Category: Dorset

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The ballast of Swanage

Valery Collins
Wellington Clock Tower, Swanage. Deep blue sea, blue sky, cliffs in the background

To many, Swanage is a traditional, old-fashioned English seaside town, a place to wander along the sea front enjoying the murmur of the waves. Some may notice the old tram tracks embedded in the concrete and ponder their significance as they pause on the Stone Quay. Purbeck Stone Brings Prosperity to Swanage During the 1830s […]

WCB online event: This Good Earth Q&A, 11 Feb, 8pm

Anthea Simmons

West Country Bylines is delighted to invite you to a special Q&A event following the release of Robert Golden’s powerful and elegiac film – This Good Earth. The film’s director, Robert Golden will be joined by Professor Timothy Lang, Professor of Food Policy, Centre for Food Policy, City, University of London and Simon Holland, farmer […]

The anti-democracy and not-so-Unionist party

Sadie Parker

As democracy has been trampled under a tsunami of lies, scams and evasion of scrutiny this month, perhaps the Conservative and Unionist Party needs a new name? I’ll go first: the Anti-Democracy and not-so-Unionist Party. Here’s why… Boris Johnson can’t stop lying. To dismiss that with an exclamation of, “oh, but all politicians lie,” is […]

“It’s not MY fault”: the fishy blame game

Julian Andrews

The “whiffy-fish-to-the-EU” disaster story just goes on and on, doesn’t it? Or maybe that should read “no-fish-to-the-EU”. Most people must know now that those involved in fishing are angry – very angry – that their valuable seafood is not getting to customers in the EU on time, if at all. Many boats are laid up, […]

Winter gardening for wildlife: part 1 – feed the birds!

Anna Andrews

Continuing her series on gardening for wildlife, Anna Andrews looks at how to attract birds to your garden Ok, I know it’s not really ‘gardening’, but probably the best and most immediate way to help wildlife is to feed the birds, and virtually any outdoor space can be used whether you have a garden, a […]

On digging a great hole

Canon Robin Murch

They say revenge is sweet even if it comes after many years. My happy day of revenge will come on Friday 22 January 2021. It has been a  long time coming – in fact, from 1956. In those days I was a young National Serviceman in the infantry and with others, we had to dig […]

Five local MPs back ‘Stop genocide trade’ amendment

Sadie Parker

In an otherwise disappointing round of voting on Lords’ Amendments (LAs) to the Trade Bill, during which Tory MPs yet again voted en masse to weaken parliamentary oversight of trade deals, there was one bright spot. Lords Amendment Number Three to force the UK to withdraw from bilateral trade agreements with any country the High […]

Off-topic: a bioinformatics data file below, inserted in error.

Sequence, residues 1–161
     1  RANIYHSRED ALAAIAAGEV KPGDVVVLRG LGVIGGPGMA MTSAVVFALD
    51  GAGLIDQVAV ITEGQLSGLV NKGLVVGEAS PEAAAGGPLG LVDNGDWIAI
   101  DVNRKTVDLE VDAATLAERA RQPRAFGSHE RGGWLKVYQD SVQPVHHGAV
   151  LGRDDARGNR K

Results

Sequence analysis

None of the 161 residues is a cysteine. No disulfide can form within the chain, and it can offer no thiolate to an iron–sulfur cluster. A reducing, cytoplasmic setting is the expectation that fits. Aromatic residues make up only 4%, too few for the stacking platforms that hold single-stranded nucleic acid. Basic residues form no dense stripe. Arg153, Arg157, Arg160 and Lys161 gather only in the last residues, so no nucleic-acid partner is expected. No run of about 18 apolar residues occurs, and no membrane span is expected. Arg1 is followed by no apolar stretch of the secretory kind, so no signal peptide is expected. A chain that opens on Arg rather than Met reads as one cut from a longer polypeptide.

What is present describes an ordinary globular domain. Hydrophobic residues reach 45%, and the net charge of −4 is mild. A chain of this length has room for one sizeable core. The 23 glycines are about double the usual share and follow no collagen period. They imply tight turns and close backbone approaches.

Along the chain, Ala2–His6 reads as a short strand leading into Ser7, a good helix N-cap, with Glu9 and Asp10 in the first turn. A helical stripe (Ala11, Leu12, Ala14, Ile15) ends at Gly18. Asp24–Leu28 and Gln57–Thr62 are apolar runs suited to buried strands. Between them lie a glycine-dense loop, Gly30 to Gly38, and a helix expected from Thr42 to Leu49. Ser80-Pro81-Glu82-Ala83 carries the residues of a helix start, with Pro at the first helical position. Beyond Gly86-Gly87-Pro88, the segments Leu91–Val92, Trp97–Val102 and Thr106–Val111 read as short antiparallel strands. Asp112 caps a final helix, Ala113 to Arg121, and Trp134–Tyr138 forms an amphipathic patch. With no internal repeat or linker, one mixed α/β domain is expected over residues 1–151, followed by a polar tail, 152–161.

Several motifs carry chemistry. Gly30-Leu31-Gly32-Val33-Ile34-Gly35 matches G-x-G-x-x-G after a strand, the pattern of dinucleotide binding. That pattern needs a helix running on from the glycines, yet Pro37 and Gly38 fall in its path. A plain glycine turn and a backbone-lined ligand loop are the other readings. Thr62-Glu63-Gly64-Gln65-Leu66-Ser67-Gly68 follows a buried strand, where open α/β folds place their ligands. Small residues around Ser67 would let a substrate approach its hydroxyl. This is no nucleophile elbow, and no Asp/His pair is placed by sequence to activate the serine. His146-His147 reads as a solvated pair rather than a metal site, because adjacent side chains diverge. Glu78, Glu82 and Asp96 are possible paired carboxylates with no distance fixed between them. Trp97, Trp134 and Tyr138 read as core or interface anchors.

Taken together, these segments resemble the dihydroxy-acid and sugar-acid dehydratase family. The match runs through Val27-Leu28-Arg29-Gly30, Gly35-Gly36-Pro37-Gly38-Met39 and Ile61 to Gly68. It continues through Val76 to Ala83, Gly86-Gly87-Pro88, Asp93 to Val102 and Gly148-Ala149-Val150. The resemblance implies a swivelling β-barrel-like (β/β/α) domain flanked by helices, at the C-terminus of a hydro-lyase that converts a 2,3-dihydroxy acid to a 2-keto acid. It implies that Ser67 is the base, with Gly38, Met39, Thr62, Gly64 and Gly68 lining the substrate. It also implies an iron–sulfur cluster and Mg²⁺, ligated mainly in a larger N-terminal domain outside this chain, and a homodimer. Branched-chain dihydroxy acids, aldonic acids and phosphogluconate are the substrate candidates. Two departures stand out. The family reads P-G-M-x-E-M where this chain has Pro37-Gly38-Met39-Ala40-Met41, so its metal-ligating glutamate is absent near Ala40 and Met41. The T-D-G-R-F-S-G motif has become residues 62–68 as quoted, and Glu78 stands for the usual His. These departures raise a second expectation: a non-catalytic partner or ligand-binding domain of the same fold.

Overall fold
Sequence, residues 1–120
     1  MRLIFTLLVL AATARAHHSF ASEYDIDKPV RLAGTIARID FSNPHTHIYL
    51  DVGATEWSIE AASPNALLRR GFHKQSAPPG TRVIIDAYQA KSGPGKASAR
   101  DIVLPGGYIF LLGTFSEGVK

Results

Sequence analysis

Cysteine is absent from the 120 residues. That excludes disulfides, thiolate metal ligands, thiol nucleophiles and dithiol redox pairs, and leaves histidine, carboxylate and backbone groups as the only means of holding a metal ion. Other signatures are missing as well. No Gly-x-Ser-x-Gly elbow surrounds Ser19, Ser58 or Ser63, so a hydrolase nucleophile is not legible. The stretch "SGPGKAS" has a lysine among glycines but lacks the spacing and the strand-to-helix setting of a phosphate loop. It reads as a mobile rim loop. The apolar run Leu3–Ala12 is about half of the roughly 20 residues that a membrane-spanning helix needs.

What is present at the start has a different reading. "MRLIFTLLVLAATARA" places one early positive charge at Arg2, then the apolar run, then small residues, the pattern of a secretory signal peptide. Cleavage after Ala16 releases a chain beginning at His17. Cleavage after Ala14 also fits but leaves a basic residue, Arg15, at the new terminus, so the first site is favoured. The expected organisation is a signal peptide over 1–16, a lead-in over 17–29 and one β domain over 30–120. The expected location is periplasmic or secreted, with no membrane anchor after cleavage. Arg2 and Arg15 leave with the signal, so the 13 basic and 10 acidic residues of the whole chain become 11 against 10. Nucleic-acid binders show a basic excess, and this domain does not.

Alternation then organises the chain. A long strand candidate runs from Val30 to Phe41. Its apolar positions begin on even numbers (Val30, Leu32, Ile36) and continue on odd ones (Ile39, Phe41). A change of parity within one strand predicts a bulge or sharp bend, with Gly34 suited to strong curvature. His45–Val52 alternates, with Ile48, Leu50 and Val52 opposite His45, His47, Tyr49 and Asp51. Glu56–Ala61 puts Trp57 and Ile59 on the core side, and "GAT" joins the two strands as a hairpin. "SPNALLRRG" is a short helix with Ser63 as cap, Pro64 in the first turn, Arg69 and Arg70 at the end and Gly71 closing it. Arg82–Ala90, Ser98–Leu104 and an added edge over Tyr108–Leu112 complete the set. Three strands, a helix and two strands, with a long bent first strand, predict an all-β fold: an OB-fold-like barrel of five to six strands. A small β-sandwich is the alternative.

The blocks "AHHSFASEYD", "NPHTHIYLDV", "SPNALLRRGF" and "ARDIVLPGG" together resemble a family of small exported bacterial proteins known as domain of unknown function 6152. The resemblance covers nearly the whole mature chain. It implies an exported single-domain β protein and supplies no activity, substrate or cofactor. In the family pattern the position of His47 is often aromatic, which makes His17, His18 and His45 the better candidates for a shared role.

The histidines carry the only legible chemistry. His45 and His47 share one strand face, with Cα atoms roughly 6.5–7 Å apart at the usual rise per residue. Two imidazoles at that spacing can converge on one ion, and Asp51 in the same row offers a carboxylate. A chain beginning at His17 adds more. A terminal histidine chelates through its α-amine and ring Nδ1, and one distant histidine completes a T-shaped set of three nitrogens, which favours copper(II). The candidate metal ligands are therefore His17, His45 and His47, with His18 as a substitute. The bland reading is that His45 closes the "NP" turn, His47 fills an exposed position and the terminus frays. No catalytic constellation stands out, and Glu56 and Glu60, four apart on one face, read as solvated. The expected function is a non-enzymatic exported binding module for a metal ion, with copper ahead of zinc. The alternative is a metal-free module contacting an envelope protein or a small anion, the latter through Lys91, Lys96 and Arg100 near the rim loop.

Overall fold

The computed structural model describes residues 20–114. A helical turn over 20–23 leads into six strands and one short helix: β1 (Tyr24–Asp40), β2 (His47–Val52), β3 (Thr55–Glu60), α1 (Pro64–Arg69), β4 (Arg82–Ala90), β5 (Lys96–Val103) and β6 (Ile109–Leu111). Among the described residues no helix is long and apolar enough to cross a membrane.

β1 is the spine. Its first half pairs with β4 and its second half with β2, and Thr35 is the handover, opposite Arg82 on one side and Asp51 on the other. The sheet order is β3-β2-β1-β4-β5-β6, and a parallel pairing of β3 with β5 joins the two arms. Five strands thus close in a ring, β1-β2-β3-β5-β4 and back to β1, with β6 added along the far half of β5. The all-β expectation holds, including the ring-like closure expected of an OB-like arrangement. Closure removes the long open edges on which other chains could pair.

Long Covid kids

Sammie McFarland

A year since the start of the Covid-19 pandemic, we have all become armchair experts. It’s hard to remember a time when it was new and we had so little information about what to expect if we were unlucky enough to catch it. A few key messages emerged early in the first lockdown in March. […]

Tory Trumpism is turning the UK into a sewer of fake news

Sadie Parker

Prime Minister Boris Johnson has compared anyone campaigning for free school meals during the February half-term-break to the Trumpist insurrectionists who stormed the Capitol. He did so in a WhatsApp message sent to all Tory MPs at lunchtime on Sunday 17 January, explaining why he was whipping them to abstain from voting for or against […]

All eyes are on vaccination, but testing failures must not be forgotten

Sadie Parker

In my own small way, I was caught out by the closing of the borders the weekend before Christmas. Matt Hancock ran around Britain’s TV and radio studios telling stunned presenters and audiences that Covid-19 was “out of control” in London and the South-East. That’s the modern-day equivalent of screaming it from the rooftops. It […]

Have your say! Letters to the editor

Anthea Simmons

Would you like to express a view on one of our articles? Add to the information? Give us a different perspective? Then, please, do email us! Tell us who you are and where you come from and if you have a particular expertise in the relevant field add that, too. We may publish your letter […]

Roast autarky and British sprouts

Rachel Marshall